Accommodating people with disabilities in the workplace
The employer should always proceed cautiously and respectfully to make those enquiries focusing on how the employee may not be meeting the normal expectations of the workplace.
For example: Once an accommodation plan is identified and implemented, the employer should monitor the situation to ensure the accommodation is effectively meeting the employee’s needs.
The employer’s duty to accommodate The duty to accommodate is the responsibility to address and remove unreasonable burdens or barriers based on a protected characteristic that limit access to opportunities and benefits available to others.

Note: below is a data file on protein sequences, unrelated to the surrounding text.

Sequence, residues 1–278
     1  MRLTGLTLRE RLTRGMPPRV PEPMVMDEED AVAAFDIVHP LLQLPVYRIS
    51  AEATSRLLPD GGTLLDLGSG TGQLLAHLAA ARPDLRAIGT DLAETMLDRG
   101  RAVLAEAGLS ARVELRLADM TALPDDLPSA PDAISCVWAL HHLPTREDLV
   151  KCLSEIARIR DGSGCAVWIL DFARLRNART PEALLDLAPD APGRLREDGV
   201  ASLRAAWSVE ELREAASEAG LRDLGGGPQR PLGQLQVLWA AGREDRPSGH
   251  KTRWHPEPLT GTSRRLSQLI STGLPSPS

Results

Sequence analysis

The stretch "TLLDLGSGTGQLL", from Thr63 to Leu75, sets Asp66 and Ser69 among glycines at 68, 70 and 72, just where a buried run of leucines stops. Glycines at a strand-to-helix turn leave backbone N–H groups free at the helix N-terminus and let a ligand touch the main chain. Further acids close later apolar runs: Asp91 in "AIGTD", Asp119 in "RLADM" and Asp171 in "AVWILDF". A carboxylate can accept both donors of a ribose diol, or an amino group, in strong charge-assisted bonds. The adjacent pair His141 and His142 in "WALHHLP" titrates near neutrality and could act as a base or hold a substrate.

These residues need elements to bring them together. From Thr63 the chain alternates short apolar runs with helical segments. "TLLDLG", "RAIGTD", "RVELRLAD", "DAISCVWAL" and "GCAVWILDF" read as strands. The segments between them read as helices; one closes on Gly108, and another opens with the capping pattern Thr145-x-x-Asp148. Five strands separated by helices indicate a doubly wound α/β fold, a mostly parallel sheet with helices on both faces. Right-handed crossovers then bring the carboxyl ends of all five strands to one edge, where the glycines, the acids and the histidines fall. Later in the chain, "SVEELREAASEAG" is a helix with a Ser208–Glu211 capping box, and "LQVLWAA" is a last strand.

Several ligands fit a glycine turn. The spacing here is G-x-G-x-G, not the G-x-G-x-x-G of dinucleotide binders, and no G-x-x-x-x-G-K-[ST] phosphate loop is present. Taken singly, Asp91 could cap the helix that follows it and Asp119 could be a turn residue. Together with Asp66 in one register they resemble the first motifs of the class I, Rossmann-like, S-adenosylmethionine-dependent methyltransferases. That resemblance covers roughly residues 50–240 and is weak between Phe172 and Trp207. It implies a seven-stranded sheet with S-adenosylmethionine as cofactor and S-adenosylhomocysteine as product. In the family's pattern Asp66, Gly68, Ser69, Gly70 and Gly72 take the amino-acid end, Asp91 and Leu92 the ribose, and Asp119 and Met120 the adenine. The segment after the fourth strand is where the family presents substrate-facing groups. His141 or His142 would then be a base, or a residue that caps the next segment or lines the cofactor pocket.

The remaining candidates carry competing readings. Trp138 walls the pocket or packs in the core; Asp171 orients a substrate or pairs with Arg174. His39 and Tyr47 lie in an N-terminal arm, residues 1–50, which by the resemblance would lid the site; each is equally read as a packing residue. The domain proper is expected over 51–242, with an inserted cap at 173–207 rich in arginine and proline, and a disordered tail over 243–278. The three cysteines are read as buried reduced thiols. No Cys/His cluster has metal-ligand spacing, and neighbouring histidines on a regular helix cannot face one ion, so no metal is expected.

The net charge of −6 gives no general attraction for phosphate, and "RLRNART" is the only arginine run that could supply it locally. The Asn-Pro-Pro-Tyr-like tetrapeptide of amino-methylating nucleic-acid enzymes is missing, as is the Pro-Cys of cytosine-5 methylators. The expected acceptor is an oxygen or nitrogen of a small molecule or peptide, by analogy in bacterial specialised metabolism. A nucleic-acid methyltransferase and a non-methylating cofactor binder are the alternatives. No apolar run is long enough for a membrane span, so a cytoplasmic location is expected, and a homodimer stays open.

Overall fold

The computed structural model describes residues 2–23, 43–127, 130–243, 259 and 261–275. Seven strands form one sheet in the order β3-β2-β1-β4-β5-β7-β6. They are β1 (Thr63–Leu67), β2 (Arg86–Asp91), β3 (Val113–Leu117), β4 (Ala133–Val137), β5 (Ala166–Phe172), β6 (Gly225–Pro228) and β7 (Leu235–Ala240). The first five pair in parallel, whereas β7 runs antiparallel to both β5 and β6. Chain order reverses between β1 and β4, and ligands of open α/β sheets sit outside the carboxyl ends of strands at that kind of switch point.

For example: Employers should maintain confidentiality with respect to sensitive information that underlies the employee’s accommodation plan, disclosing sufficient information about the plan to ensure that managers can monitor how the accommodation is working out.Discrimination may be based on stereotypes or assumptions and offends a person’s dignity because it ignores their individual merit.Discrimination also means failure to provide reasonable accommodation for the special needs of a person when their needs are based on characteristic protected in Providing reasonable accommodation for those needs, enables the employer to “level the playing field” for an employee so they can equally access opportunities available to others in the workplace.This is because imposes an obligation on the employer to provide a discrimination-free work environment.The employer’s duty to accommodate is not triggered until an employee identifies that they have special needs based on a protected characteristic that, if accommodated, would enable them to participate on an equal level with their co-workers.